Global wax supply is projected to grow from 10.5 billion pounds in 2014 to 10.7 billion pounds in 2019, falling short of wax demand growth over that time and resulting in a wax deficit, according to Kline & Co.
Wax demand is projected to grow from 10.5 billion pounds in 2014 to 11.3 billion pounds in 2019, growing at about 9.5 percent annually, said Pooja Sharma, a project lead in U.S.-based consultancy Kline & Co.s energy practice, during an online web presentation Feb. 24. Most of that demand growth will be driven by strong increases for rheology and surface applications, Kline found, with candle wax demand expected to remain flat over that time. With demand growing much faster than supply, the overall wax market deficit will reach close to 600 million pounds by 2019.
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So with strong demand growth and relatively weak supply growth, the global wax market is primed to experience an increasing wax shortage, Sharma said. Despite growth in supply of synthetic as well as natural waxes, the growth in overall supply will not be enough to meet the increase in the demand. She added that the market will adapt by substituting materials and creating new formulations.
In 2015 petroleum waxes accounted for just under a 70 percent share – about 7.3 billion pounds – though that represents a decline from about 80 percent in 2002.
This is a direct result of the reduction in [API] Group I lubricant base stock-producing plants, especially in North America and Europe, Sharma said. In the last couple of decades, the changes in lubricant refining technology have led to the erosion of petroleum wax supplies. Many Group I base oil-producing plants have either shut down or have been converted into facilities to produce high-quality base stocks, she noted.
She noted an increasing number of Group I plants are undergoing either shutdowns or conversions into high quality base stock facilities. This is driven by two factors: first, the trend toward base stock quality improvement, which makes Group I oils unviable to be used in automotive lubricants, Sharma said. And the second reason is the growing supply of Group II, which has resulted in use of Group II oil even in applications where it has no technical requirement.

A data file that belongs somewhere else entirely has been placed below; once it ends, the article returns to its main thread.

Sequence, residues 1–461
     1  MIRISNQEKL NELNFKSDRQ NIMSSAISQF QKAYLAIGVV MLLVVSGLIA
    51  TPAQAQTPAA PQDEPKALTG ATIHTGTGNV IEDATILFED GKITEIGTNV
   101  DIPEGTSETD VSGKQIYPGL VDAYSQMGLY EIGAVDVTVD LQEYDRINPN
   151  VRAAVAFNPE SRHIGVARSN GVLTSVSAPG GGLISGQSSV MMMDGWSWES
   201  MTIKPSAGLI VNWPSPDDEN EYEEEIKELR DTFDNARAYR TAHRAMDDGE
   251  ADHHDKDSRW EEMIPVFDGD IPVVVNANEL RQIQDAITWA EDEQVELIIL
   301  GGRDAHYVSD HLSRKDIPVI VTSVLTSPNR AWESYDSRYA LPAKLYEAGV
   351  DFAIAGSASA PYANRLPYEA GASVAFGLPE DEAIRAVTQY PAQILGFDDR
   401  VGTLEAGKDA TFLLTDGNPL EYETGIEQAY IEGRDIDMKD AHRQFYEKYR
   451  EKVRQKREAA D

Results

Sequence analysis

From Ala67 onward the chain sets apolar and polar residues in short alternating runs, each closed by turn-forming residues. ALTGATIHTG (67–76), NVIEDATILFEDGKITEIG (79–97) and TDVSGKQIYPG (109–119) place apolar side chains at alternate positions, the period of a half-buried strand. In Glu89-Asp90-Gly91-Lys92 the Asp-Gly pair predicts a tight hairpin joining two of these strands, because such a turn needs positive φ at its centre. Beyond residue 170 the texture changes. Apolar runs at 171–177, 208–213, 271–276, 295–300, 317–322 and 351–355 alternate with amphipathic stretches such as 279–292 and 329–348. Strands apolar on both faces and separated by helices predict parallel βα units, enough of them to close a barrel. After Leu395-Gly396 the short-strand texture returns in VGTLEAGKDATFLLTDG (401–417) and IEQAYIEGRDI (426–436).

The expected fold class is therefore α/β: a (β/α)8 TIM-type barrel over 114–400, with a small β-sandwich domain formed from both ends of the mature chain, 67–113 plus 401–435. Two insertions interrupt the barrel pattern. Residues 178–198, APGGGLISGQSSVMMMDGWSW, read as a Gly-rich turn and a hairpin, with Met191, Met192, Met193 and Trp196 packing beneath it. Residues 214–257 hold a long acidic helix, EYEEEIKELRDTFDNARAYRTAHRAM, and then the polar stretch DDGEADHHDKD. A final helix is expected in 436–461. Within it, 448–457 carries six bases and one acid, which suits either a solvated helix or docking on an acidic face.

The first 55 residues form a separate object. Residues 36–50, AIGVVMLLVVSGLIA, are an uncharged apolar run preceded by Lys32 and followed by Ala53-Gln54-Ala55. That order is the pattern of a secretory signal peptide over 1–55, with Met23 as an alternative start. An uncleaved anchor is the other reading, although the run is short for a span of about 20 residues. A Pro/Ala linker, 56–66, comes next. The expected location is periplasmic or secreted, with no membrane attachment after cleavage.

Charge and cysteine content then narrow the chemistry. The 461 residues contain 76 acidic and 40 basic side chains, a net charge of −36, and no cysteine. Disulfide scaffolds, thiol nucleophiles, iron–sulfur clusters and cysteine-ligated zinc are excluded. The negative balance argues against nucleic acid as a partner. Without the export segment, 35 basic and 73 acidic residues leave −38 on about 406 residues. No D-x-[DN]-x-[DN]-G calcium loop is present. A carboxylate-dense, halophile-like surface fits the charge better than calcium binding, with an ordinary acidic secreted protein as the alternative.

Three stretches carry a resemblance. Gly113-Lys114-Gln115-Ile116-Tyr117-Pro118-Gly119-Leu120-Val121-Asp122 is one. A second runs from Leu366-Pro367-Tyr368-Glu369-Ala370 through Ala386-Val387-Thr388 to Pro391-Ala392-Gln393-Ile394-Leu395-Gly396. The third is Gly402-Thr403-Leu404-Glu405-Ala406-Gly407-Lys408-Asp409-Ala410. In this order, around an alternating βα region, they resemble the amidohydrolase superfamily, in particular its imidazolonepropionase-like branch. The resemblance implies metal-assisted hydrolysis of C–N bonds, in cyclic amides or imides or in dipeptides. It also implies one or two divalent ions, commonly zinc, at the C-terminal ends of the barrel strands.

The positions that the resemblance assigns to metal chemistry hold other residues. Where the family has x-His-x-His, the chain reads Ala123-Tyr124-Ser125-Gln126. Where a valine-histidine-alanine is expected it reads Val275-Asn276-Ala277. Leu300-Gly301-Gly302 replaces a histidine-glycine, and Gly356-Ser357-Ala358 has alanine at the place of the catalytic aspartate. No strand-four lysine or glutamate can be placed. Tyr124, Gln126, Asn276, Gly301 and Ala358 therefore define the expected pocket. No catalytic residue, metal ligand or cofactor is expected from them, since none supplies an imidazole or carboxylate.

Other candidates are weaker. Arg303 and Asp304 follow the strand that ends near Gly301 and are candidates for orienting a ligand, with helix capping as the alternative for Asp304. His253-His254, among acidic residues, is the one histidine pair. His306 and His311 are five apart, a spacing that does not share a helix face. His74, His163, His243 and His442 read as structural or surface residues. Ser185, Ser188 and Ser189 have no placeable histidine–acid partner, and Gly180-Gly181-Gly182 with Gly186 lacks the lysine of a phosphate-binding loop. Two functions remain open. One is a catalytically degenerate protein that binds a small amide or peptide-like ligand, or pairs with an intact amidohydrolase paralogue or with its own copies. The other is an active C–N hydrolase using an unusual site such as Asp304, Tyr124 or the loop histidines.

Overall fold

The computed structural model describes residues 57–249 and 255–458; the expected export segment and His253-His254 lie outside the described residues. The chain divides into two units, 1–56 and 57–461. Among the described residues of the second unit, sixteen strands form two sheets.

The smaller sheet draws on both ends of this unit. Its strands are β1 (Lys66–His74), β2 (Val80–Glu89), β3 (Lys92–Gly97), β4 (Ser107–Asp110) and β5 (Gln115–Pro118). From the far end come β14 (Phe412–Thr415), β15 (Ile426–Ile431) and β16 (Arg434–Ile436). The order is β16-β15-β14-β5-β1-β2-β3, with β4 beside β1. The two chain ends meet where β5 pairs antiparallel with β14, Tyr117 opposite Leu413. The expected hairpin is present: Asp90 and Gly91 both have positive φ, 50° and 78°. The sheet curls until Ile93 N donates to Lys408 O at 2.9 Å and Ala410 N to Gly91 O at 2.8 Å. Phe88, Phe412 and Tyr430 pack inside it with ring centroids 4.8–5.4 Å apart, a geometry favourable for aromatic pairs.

Because of that continuing trend, Group I base stock supply has been shrinking for more than 10 years, she said, and it is expected to shrink further over the next five years, with a major rationalization expected in Europe.
As global petroleum wax supplies decline, she said, it will create market space for synthetic and vegetable waxes to occupy.
Synthetic waxes such as Fischer-Tropsch, polyethylene and alpha olefin waxes, as well as vegetable waxes like hydrogenated soy and palm, and natural palm waxes, represent the fastest-growing products in the market, according to Kline. The study found synthetic waxes share of global wax supply grew from 11 percent in 2010 to 15 percent in 2015.
According to Kline, Fischer-Tropsch waxes amounted to close to 600 million pounds in 2015, up from less than 400 million pounds in 2010. The study expects Fischer-Tropsch waxes to experience a strong growth in supply in the next five years. This will be a result of some capacity additions by existing players, as well as due to expected commissioning of some new, small-scale GTL plants, she said.
Polyethylene, polypropylene and alpha olefin waxes together added up to more than 900 million pounds in 2015, up from less than 600 million pounds in 2010.
Supply of synthetic waxes is growing fast to fill in gaps left by the decline of petroleum waxes, Sharma said. This growth will be characterized by increasing supply of FT waxes from South Africa, China and some new small-scale GTL projects expected to come up in North America, she said. As global petroleum wax supplies are tightening, buyers are getting more and more motivated to experiment with reformulations and blends containing Fischer-Tropsch and polyethylene waxes.
Total global vegetable wax consumption reached 1.2 billion pounds in 2015, Kline found, with supply about even.
Sharma said vegetable waxes continue to expand into the market space for softer waxes, such as slack waxes, which are in deficit now. She noted that hydrogenated palm waxes are likely to see strong growth.
Palm waxes account for nearly half of global [vegetable] wax supply, and Asia is global leader in supply of palm waxes, she said. The vegetable wax market is essentially a candle market, which requires soft waxes, Sharma added.
Vegetable waxes are also improving in quality, she noted. Improvements in hydrogenation technology for vegetable waxes will provide wax supplies with a consistent quality, she said. These waxes have the opportunity to fulfill the need for softer waxes in the petroleum wax demand basket.
The study is titled, Global Wax Industry: Market Analysis and Opportunities.